PHOENIX (Reuters) - Hispanics in the United States are breaking out of traditional strongholds in the Southwest and making their homes in states where they never had much of a footprint before, according to data emerging ahead of this year’s U.S. census data.
“For a long time Latinos were a fact of life in the American Southwest, and that was it,” said John Weeks, a professor of geography and director of the International Population Center at San Diego State University.
“But over the last 20 years, there has been just a mushrooming of migrants into places like Charlotte (North Carolina), originally brought there to do construction.”
Latinos are leading the transformation of the United States, where ethnic and racial minorities are expected to become the majority by mid-century, according to U.S. Census Bureau projections.
There are more than 45 million Hispanics in the United States, double the number 20 years ago, according to the American Community Survey released this month ahead of the 2010 Decennial Census data being released on Tuesday. The survey drew on five-year estimates from 2005 to 2009.
While long a presence in the states bordering Mexico such as Arizona, Latinos are increasingly moving to the U.S. interior to work in states like Georgia and North Carolina, where the number of Hispanics as a proportion of the population has grown by nearly 50 percent since 2000.
A sign of that growth is in Mecklenburg County, North Carolina, which includes the city of Charlotte — one in five children now born there are to Hispanic mothers.
“This city is no longer thought of as being a ‘Southern town,’” said Rocio Gonzalez, of the Latin American Chamber of Commerce in Charlotte, speaking of the city’s transformation.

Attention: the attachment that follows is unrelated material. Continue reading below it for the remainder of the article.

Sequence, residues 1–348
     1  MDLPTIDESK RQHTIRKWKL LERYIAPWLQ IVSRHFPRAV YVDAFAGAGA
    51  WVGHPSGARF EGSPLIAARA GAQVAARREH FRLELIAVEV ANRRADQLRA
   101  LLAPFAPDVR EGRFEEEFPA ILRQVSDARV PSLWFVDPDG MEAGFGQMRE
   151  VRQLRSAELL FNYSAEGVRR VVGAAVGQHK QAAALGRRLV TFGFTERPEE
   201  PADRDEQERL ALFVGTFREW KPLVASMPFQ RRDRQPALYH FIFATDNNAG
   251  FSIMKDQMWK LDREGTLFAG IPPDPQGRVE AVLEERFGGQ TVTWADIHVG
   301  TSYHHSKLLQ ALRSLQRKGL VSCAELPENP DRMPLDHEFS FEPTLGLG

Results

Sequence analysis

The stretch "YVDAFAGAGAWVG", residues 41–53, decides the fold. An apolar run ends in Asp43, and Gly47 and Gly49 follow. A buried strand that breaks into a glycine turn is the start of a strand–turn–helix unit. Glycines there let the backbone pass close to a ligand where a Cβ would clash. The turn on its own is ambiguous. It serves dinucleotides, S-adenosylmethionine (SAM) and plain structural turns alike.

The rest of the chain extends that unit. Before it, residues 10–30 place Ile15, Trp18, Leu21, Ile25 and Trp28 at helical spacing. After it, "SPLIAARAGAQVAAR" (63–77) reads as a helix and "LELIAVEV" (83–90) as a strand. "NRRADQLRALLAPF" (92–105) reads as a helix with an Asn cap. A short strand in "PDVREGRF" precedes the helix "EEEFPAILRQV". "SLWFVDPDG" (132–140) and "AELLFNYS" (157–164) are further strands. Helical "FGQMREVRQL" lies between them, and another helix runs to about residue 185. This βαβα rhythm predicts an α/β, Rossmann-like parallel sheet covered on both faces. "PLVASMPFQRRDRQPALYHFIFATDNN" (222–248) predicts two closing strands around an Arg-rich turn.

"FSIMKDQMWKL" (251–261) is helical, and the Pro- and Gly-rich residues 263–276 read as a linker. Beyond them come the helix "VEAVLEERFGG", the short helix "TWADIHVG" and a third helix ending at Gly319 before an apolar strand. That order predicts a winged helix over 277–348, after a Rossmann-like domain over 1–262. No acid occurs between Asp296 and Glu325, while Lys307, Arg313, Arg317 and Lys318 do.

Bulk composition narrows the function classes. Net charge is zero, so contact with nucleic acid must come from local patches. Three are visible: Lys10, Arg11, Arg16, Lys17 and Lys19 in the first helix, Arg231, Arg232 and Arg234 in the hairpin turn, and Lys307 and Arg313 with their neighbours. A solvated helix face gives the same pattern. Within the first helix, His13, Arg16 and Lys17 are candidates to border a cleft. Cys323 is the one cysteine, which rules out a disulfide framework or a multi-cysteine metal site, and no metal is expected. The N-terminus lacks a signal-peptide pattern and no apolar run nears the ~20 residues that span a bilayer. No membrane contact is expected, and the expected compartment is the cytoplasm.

While it was hard to find a place to sway to a salsa beat when she moved there in 1999, Gonzalez, who is originally from Colombia, says it now has clubs open even on week nights.
The Census Bureau projects that the U.S. Hispanic population will nearly triple to more than 130 million by 2050, when nearly one in three U.S. residents will be Latino.
The rapid growth in part is a result of increased economic immigration from Mexico and Latin America, which has helped swell the U.S. foreign-born Hispanic population to 37 million, from 31 million a decade ago.
But it also points to a relatively high birth rate among Hispanics, who tend to be younger parents and have larger families than their white and black neighbors, analysts say.
“The reason why we’re seeing relatively robust growth in that group has to do with their age structure,” said Audrey Singer, a demographer with Brookings Institution, a Washington-based think tank.
“They are younger than whites, they’re younger than blacks ... they’re in their family creation years, and there’s been relatively high immigration at least up to the recession,” she said.
While Hispanic immigration has slowed with the 2007-2009 recession, demographers say the growth of the Hispanic population will continue in coming years.
“Looking to the future, we are going to see an even more diverse population in the U.S.,” Singer told Reuters. “Part of that will be through intermarriage, children born to couples from different races. We are just looking at a much more diverse future,” she said.
Editing by Peter Bohan and Mohammad Zargham